Just last week, the Major League Baseball player’s union stuck it to the man. They flat out rejected Commissioner Rob Manfred’s proposal of a shortened season and extended playoffs, similar to last year. What this means is the Major League Baseball season will start on time. The league will observe a normal Spring Training, and play a full 162-game schedule. A lot of things may be different, however, starting with Spring Training.
With COVID-19 still a factor in basically all facets of life, baseball is going to consist of all sorts of precautions. Arizona and Florida are still hotspots for the virus, so restrictions will be applied heavily. Since MLB cut down on Minor League teams, there’ll be fewer players present and more space in the locker rooms. There is also a separation with both the Major and Minor Leagues. Players on the 75 man roster will arrive first in February, and the minor leaguers will arrive later. The reason for this is the delayed start to the minor league season. This will benefit for social distancing and keep a so-called “bubble.”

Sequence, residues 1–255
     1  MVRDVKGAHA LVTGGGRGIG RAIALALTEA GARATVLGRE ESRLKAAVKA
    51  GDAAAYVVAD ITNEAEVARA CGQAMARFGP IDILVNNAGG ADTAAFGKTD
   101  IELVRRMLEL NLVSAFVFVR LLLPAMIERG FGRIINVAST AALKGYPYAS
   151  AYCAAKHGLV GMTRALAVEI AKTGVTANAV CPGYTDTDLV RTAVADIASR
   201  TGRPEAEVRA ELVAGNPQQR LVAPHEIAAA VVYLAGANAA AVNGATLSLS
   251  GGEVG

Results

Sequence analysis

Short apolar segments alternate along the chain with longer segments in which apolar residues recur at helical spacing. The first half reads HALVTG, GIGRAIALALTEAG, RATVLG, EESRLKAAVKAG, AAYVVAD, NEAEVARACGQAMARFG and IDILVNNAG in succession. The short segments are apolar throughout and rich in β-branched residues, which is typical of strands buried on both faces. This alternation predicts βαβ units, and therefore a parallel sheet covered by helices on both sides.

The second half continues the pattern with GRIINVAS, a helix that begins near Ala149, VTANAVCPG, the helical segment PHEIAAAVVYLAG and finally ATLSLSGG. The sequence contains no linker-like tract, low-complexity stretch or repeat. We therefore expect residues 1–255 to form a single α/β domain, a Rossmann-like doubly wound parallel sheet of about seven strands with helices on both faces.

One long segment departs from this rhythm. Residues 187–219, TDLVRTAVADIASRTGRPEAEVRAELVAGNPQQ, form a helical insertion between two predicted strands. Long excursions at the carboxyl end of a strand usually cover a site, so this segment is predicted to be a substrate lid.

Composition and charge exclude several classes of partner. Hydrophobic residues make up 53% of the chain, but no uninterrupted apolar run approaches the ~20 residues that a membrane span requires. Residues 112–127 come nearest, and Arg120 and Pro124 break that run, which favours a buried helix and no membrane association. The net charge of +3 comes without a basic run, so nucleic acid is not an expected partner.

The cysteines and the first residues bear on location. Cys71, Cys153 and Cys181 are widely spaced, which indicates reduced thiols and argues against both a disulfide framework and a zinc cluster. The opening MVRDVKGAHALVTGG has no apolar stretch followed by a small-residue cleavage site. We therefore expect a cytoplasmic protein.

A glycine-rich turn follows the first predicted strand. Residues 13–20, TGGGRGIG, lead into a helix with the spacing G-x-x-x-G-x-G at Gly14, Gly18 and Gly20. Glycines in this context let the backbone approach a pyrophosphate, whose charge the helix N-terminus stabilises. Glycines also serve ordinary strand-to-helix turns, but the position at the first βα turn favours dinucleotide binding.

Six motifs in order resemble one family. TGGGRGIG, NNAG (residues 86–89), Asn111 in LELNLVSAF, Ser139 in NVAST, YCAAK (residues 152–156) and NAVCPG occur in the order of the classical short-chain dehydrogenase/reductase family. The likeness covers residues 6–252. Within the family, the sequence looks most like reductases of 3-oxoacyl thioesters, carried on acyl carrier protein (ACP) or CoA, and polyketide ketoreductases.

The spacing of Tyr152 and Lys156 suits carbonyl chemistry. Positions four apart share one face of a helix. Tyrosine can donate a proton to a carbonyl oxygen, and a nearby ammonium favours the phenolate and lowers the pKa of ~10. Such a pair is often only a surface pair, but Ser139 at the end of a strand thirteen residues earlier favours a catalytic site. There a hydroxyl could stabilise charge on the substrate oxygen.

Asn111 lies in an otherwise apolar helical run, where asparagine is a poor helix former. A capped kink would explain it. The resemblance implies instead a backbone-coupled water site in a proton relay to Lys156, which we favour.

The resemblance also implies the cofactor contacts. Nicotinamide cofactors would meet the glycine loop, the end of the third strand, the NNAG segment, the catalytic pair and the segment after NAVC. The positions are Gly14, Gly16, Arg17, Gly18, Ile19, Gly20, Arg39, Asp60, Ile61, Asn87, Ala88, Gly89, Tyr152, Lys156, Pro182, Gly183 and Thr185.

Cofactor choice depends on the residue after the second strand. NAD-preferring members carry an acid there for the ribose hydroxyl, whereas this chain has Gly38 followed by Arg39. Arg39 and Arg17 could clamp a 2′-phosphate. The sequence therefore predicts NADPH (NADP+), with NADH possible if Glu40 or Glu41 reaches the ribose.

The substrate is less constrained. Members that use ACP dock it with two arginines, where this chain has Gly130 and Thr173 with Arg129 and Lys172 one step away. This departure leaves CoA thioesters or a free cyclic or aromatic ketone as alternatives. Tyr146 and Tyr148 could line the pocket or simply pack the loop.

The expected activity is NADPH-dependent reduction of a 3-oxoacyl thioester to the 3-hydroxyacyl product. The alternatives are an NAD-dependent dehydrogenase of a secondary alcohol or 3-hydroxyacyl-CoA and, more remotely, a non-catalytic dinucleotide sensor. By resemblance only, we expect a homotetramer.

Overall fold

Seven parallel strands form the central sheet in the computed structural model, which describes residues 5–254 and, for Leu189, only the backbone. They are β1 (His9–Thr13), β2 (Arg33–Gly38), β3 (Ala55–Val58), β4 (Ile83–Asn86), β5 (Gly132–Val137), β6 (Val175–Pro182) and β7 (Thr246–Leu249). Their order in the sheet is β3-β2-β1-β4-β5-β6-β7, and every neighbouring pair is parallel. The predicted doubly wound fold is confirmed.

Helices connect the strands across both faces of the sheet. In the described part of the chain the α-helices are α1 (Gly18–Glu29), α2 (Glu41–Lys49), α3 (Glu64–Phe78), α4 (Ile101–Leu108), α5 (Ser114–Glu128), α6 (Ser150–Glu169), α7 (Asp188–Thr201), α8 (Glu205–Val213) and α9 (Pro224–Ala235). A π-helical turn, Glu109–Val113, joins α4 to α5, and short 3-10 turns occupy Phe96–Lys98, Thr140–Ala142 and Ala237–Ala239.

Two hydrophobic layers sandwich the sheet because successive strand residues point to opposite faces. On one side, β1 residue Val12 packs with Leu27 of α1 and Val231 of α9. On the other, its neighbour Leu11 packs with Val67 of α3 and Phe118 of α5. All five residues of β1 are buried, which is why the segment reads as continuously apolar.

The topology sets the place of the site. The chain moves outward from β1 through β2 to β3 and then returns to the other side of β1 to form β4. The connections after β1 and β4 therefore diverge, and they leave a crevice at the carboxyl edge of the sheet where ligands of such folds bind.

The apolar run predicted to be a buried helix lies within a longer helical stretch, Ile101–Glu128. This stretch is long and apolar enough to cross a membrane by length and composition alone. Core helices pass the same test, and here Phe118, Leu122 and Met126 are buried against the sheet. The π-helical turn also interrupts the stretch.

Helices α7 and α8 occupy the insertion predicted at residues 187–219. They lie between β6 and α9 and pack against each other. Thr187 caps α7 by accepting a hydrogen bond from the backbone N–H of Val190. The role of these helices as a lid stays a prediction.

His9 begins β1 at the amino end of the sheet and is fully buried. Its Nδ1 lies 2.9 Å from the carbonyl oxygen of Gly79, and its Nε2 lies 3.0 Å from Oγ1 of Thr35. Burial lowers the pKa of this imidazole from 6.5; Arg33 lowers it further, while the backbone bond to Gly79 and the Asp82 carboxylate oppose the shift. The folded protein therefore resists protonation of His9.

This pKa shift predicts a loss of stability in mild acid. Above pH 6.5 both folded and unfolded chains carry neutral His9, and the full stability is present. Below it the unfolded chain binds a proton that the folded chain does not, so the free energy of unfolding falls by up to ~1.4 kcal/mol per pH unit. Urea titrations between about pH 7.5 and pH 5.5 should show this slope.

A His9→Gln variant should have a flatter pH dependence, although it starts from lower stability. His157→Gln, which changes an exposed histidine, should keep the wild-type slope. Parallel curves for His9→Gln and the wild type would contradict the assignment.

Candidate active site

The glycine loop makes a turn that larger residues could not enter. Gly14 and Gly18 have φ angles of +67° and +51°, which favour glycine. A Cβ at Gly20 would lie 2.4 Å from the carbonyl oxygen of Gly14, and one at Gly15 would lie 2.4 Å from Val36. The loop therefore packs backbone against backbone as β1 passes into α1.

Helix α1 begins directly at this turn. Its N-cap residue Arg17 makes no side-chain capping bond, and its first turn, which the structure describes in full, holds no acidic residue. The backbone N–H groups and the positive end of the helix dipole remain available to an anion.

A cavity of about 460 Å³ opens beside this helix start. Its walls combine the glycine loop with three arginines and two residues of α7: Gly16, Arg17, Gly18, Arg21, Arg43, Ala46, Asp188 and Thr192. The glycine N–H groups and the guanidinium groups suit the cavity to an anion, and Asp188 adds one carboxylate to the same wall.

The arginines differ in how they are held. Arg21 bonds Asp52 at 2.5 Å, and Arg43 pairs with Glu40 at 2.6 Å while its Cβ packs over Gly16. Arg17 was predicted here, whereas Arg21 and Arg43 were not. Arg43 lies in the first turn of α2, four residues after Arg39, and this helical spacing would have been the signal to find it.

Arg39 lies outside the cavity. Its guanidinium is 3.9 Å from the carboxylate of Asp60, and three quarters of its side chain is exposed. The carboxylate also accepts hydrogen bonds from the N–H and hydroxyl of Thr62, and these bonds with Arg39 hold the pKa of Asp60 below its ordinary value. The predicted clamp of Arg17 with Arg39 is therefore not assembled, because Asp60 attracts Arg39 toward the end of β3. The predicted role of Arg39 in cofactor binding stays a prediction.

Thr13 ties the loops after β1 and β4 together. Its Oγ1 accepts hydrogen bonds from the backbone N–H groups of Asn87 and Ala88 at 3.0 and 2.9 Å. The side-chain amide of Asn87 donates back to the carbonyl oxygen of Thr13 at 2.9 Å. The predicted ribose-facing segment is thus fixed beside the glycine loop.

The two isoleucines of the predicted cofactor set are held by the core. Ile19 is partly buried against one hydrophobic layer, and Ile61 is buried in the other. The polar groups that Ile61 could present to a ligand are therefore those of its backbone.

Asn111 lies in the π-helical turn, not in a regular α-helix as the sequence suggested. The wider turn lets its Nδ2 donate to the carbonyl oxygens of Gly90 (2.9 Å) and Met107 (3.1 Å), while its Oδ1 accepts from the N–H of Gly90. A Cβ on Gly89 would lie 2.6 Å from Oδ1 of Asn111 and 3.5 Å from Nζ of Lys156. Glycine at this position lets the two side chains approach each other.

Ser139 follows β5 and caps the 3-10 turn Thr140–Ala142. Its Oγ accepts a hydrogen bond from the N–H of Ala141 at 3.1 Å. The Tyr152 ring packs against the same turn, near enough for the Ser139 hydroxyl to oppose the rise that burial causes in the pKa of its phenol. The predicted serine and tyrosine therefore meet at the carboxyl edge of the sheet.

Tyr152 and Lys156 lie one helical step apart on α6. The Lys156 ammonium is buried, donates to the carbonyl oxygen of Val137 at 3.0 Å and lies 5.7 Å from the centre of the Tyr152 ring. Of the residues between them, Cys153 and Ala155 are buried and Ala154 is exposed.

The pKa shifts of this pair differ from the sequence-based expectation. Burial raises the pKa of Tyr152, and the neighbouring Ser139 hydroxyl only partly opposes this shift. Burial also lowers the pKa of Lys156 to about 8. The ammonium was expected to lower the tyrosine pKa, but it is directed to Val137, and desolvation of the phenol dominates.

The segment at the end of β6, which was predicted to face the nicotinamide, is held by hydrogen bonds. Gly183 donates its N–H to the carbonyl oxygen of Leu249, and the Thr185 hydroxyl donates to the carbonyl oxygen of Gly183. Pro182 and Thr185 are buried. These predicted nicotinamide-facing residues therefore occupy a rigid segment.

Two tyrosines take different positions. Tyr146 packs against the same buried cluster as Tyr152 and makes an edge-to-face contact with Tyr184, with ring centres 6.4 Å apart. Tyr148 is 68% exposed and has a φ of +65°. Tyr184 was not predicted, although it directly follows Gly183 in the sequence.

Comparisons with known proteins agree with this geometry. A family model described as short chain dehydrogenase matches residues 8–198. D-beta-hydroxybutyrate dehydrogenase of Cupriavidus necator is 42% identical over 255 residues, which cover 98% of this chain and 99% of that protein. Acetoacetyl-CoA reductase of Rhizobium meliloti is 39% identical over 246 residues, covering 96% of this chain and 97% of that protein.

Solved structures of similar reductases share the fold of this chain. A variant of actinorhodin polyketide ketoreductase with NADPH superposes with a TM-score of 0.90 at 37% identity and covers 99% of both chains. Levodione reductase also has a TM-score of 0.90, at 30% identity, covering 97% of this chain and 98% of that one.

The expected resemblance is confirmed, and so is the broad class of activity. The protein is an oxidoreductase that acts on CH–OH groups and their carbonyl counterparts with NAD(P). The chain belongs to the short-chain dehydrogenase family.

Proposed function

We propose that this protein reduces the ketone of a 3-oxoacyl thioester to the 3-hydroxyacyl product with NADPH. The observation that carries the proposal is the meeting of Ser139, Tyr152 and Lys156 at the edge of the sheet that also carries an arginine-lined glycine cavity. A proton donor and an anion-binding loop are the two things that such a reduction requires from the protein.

The next measure will apply more toward teams who play in Florida. With stadiums there more spread out, they will limit travel to and from different Spring Training sites by setting up two hubs. This also means that Florida teams will play fewer games.
One last interesting aspect is that there will also be some fans in attendance at the games. The Red Sox and Twins plan on limiting fans to 2,400 per game and will hang inside pods. These pods will contain family members and friends only, all sitting together. Masks are worn at all times with the exception of the consumption of food and drink.
No, this won’t be a normal Spring Training or even season by any means. It will, however, be much closer to normality than what fans and teams experienced last season.